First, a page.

Many seem to be invested in the idea of a fully “white” antiquity, which suggests they may not want to hear what I and my colleagues have to say.  So, part of my public engagement goal is to try to sway those who can be swayed to love the classical world for reasons other than a false fantasy of it being a white wonderland and to get them to embrace a more accurate picture of the past--Classics is valuable for its complexities, not its perfections. I also try to demonstrate how modern misconceptions came into being--though it is challenging to get people to understand that pointing out past racism in classical scholarship isn’t an accusation of racism in all current admirers of antiquity. I’ve been accused of betraying my race, of trying to induce white guilt (and this by a religion colleague at another university just for using the word race in relation to antiquity), and even of hating classics. The toughest part of public engagement for me really is not replying to everyone who is wrong on the internet or at the bar.

These are the risks, clearly--harassment, dismissal, even threats. But, I don’t allow comments on the blog proper and my healthy 99,000+ person strong block list on Twitter has helped a LOT. And the rewards increase as those of us doing this work gain in strength and numbers--the more of us doing this work, the less impact the more extreme elements on the internet have and the more impact we can have on the more moderate forms of classical exceptionalism that pave the way for white supremacism.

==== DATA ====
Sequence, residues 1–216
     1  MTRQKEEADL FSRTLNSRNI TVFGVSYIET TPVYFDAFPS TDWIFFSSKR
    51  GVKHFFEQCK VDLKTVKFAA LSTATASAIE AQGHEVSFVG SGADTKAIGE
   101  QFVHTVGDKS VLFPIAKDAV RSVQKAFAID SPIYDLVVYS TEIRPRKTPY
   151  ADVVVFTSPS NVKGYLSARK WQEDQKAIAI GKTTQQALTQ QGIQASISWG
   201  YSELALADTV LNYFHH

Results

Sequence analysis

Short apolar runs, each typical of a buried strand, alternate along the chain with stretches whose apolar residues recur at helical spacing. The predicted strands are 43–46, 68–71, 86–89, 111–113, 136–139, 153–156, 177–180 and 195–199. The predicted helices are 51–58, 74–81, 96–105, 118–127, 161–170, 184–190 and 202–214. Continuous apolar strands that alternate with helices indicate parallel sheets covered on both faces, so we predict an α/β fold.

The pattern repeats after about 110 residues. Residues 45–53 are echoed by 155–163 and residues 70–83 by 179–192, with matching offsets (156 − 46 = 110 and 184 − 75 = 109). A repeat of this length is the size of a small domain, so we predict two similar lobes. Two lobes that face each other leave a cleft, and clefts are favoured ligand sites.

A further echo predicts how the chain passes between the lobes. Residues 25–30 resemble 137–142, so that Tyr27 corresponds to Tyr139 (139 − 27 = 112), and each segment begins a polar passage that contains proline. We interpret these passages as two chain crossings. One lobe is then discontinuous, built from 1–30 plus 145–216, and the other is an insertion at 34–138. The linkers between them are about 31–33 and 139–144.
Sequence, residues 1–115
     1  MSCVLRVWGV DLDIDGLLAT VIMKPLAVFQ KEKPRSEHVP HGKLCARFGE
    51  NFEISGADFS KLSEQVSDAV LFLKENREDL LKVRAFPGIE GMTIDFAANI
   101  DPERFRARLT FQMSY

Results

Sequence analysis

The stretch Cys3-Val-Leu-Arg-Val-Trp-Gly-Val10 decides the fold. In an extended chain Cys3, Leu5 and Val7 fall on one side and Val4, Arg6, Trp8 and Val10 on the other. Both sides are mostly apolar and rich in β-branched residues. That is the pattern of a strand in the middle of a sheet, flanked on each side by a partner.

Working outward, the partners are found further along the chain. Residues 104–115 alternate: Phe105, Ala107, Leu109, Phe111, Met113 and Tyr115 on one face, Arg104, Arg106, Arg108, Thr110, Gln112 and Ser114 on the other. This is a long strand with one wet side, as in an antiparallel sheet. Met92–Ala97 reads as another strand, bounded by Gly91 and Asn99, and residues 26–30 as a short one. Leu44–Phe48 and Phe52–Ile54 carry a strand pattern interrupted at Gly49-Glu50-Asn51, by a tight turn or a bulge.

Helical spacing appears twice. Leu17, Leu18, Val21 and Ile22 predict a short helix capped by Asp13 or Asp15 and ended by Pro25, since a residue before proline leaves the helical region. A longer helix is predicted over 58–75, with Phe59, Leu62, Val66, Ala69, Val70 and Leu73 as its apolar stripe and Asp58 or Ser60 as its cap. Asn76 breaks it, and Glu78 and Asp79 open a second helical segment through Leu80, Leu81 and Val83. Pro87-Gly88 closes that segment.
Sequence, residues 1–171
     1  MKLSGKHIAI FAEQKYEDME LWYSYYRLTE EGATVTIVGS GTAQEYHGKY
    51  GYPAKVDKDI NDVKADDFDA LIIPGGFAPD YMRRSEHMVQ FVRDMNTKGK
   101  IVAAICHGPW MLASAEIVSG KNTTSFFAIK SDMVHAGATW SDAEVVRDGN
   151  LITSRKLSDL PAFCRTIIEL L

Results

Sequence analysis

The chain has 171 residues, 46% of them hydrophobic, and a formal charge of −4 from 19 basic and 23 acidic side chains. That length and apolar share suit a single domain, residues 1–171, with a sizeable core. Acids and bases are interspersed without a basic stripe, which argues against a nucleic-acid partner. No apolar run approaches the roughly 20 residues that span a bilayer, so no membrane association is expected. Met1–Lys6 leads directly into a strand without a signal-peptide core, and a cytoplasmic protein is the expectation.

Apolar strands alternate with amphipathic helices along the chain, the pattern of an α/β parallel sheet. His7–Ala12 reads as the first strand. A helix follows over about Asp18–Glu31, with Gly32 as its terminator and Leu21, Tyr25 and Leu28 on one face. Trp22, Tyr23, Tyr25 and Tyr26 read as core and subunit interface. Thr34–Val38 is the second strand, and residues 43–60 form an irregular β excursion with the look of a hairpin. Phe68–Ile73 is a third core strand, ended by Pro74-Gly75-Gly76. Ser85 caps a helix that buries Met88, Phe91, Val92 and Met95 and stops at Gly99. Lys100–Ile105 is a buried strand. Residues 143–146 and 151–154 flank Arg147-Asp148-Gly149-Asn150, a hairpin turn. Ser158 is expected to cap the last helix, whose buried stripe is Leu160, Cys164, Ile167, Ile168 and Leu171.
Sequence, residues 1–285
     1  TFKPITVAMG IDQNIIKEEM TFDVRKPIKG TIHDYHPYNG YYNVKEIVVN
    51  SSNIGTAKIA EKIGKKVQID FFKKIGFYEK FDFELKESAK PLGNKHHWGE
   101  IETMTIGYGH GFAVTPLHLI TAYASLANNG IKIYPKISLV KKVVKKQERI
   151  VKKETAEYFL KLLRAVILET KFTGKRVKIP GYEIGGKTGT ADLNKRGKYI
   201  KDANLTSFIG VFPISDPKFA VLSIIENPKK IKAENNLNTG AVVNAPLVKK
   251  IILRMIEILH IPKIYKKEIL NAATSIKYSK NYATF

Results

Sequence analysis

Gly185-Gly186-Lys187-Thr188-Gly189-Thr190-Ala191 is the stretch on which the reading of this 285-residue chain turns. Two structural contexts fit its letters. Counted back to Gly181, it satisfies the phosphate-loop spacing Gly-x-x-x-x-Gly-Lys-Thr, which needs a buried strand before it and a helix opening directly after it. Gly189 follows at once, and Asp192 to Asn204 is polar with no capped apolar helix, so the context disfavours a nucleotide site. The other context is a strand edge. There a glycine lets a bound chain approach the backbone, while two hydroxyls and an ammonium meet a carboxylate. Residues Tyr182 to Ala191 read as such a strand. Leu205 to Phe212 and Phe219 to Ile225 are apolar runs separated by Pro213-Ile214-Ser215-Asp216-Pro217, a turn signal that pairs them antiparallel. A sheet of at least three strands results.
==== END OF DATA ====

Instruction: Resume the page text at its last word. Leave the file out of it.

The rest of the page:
So, what are the rewards?  The public are not passive recipients of our scholarship.

In terms of the profession--Prof Bond’s article and the response to it have engendered real conversations concerning the display and teaching of classical art--museums are changing, even if only slowly. Donna’s journal Eidolon, has a regular readership of around 10,000 now and celebrated its 2nd anniversary with an unabashedly feminist rebranding; it has been inspiring a more diverse classics and giving voice to many in our field who haven’t felt like they could speak before. A recent conference I participated in, Racing the Classics, included many scholars (young and older) who participate in reception studies and some in public scholarship and they are committed to trying to find ways to ethically promote a study of classics that includes race and racism--in antiquity, in the field, and in the use of classics to promote racism outside of the field. We actually held a panel at CAMWS this year on Classics and White Supremacy--lots of people came (standing, sitting, jammed into the room) and have continued to express appreciation for it happening.

There are also professional rewards.  Since that conversation with Donna in January of 2017, I have written 2 articles for Eidolon. My blog Classics at the Intersections has gained an audience. It’s focused mostly on the intersection of ancient views of race and modern one, of racist appropriations of the classical past, and sometimes, women and gender. I also house there an online bibliography and resource database for teaching race and ethnicity in antiquity where my own and colleagues’ syllabi are available to anyone who wants to adapt them. My blog has had around 79000 views since August 2017 as of last week, which is way more people than will likely ever read my scholarship in academic publications. Posts I’ve made are being assigned in classes around the world. My name recognition in the field has increased measurably, especially for someone who works at a small teaching college in the American midwest.